Stamps election rort claims

Adem Somyurek was said to have "tacitly approved" the alleged rort. 201398_02 Picture: CAM LUCADOU-WELLS

By Cam Lucadou-Wells

More than $10,000 of stamps were allegedly misappropriated from South East Metropolitan MP Adem Somyurek’s electorate office to help another MP’s re-election, an IBAC inquiry heard on 13 October.

Adam Sullivan, a former electorate officer for Mr Somyurek, said a Labor staff member suggested in early 2018 to start buying stamps to “re-route” to Mordiallac MP Tim Richardson’s election campaign.

Mr Sullivan said he was advised by staffer Nick McLennan to incrementally buy between 1000 and 2000 stamps a fortnight to avoid scrutiny from the Department of Parliamentary Services.

“I think at the end of that process personally myself I would have purchased around $11,000 to $14,000 worth of $1 stamps,” Mr Sullivan said.

“I imagine a fair number of them were then rerouted to political purposes for the re-election of Tim Richardson in Mordialloc in 2018.”

Mr Sullivan said he was told by Mr McLennan that Mr Somyurek had given “tacit approval”.

“It didn’t seem like something that would be out of the ordinary to occur in Mr Somyurek’s office.

“It didn’t seem like it was the sort of thing that would be frowned upon or would be otherwise not permitted by the member.”

The electorate office funds used to buy the stamps were supposed to be “strictly apolitical” and used for purposes like “constituent outreach”, Mr Sullivan said.

They were not to be used for “partisan purposes”.

Mr Sullivan had earlier worked as an electorate officer for Mr Richardson as well as for an inquiry person-of-interest Holt federal MP Anthony Byrne.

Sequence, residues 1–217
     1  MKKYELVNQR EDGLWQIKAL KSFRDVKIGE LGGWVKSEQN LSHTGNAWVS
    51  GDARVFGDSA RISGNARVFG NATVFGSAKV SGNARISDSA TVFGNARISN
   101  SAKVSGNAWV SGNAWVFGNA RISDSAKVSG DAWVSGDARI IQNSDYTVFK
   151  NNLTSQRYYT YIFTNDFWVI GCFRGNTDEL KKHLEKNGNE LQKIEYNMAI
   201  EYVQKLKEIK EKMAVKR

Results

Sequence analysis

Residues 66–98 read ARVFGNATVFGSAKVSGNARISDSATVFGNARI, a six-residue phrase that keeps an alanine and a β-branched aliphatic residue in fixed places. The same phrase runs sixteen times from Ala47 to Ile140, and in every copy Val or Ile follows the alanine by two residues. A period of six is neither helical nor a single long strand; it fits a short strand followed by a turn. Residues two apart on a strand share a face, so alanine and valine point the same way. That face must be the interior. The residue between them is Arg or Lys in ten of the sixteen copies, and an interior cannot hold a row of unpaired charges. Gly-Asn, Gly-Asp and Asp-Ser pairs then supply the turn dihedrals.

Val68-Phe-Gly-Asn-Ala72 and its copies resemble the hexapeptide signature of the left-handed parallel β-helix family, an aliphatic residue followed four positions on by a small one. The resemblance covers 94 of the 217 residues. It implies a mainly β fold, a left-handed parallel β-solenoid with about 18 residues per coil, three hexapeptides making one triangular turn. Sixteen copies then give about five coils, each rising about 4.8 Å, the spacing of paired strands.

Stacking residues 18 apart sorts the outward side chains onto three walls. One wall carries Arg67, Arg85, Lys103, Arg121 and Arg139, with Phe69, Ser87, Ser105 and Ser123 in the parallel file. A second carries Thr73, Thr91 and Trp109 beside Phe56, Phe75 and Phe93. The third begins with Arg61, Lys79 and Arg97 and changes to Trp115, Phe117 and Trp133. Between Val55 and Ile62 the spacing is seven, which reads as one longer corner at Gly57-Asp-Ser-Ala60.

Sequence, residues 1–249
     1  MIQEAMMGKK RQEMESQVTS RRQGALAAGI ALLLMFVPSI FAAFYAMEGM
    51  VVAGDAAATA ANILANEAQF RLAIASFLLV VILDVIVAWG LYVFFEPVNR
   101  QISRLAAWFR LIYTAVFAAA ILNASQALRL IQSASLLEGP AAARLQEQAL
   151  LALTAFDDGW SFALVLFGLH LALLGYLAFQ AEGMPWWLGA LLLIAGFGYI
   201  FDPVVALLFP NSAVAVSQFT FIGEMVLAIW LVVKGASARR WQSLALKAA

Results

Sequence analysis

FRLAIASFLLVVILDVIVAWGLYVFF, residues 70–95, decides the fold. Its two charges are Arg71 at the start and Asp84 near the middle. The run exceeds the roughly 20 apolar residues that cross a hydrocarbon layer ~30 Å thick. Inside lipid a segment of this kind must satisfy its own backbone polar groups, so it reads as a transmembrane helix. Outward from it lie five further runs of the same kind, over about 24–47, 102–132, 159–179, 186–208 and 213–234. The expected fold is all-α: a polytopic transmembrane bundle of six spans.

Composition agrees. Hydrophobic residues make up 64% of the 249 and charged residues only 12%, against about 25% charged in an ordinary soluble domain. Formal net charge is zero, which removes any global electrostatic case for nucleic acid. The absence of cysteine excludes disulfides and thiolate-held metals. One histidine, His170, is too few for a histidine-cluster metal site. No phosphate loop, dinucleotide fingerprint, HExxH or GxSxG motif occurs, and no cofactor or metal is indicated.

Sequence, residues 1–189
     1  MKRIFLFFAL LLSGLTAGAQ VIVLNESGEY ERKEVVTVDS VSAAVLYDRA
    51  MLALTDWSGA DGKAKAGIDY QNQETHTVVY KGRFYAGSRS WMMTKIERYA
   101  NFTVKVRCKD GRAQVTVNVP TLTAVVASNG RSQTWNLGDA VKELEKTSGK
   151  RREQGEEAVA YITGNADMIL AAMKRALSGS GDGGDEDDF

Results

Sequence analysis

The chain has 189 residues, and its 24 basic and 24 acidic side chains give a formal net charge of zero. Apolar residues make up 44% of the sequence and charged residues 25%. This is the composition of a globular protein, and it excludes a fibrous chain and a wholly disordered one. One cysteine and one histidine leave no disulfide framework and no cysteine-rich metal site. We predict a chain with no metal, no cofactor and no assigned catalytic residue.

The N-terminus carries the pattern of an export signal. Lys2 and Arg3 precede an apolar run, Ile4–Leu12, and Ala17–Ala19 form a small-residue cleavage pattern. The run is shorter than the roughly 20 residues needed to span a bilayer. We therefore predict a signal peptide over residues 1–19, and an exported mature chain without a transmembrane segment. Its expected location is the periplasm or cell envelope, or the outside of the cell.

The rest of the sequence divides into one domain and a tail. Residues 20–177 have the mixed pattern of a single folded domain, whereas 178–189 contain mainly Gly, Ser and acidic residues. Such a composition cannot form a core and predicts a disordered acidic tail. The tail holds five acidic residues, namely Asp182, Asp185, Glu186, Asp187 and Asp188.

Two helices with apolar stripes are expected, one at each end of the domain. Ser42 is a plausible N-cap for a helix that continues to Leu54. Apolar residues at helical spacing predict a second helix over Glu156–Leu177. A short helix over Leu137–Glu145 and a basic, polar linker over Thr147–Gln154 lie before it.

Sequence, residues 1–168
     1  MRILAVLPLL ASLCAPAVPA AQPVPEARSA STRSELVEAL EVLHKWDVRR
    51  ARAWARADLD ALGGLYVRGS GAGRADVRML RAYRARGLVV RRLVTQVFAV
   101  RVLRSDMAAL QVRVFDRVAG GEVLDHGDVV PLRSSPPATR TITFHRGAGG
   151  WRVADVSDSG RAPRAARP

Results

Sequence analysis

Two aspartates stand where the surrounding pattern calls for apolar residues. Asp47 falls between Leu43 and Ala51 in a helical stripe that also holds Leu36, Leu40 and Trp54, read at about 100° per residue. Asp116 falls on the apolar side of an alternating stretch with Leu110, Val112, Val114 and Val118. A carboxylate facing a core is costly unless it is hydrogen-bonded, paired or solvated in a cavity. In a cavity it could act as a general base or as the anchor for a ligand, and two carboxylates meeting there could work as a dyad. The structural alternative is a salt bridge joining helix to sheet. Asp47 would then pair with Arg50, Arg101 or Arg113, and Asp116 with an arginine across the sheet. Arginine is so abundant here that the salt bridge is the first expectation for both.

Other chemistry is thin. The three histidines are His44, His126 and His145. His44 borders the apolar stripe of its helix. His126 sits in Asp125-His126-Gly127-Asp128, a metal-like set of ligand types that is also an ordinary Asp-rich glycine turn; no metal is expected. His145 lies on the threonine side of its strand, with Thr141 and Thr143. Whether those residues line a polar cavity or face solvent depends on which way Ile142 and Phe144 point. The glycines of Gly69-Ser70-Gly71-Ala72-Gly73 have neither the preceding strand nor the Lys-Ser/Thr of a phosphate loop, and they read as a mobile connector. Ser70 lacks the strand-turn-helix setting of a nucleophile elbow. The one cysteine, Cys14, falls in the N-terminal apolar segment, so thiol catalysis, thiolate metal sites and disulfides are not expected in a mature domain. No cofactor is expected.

He said 100 per cent of his role at Mr Richardson’s office was focused on legitimate “constituent work”.

Such as liaising with community groups, drafting letters of support and walk-ins.

However at Mr Somyurek’s “dysfunctional” electorate office, there was “very little to do”. There was “negligible foot traffic”.

Later that day, Mr Richardson issued a statement denying that he breached his electorate office communications budget requirements.

He also denied being part of branch stacking or paying for memberships after being named as part of an informal ALP factional group South East Alliance.

Mr Byrne told the inquiry on 11 October that he and state MPs Luke Donnellan and Mr Somyurek formed the alliance, with Mr Richardson latterly joining.

At the inquiry, Mr Byrne said he, Mr Donnellan and Mr Somyurek paid about $2000 each for other people’s memberships as part of a branch-stacking enterprise.

He said he was “not exactly sure” if Mr Richardson paid for memberships.

In a statement, Mr Richardson said: “I have not been involved in branch stacking nor have I paid for any memberships.

“I have always complied with the requirements of my electorate office communications budget.

“My focus has always been working as hard as I can for the wonderful Mordialloc constituents, which I have the privilege and honour to represent each and every day.

“I will not be making any further comment on active inquiries.”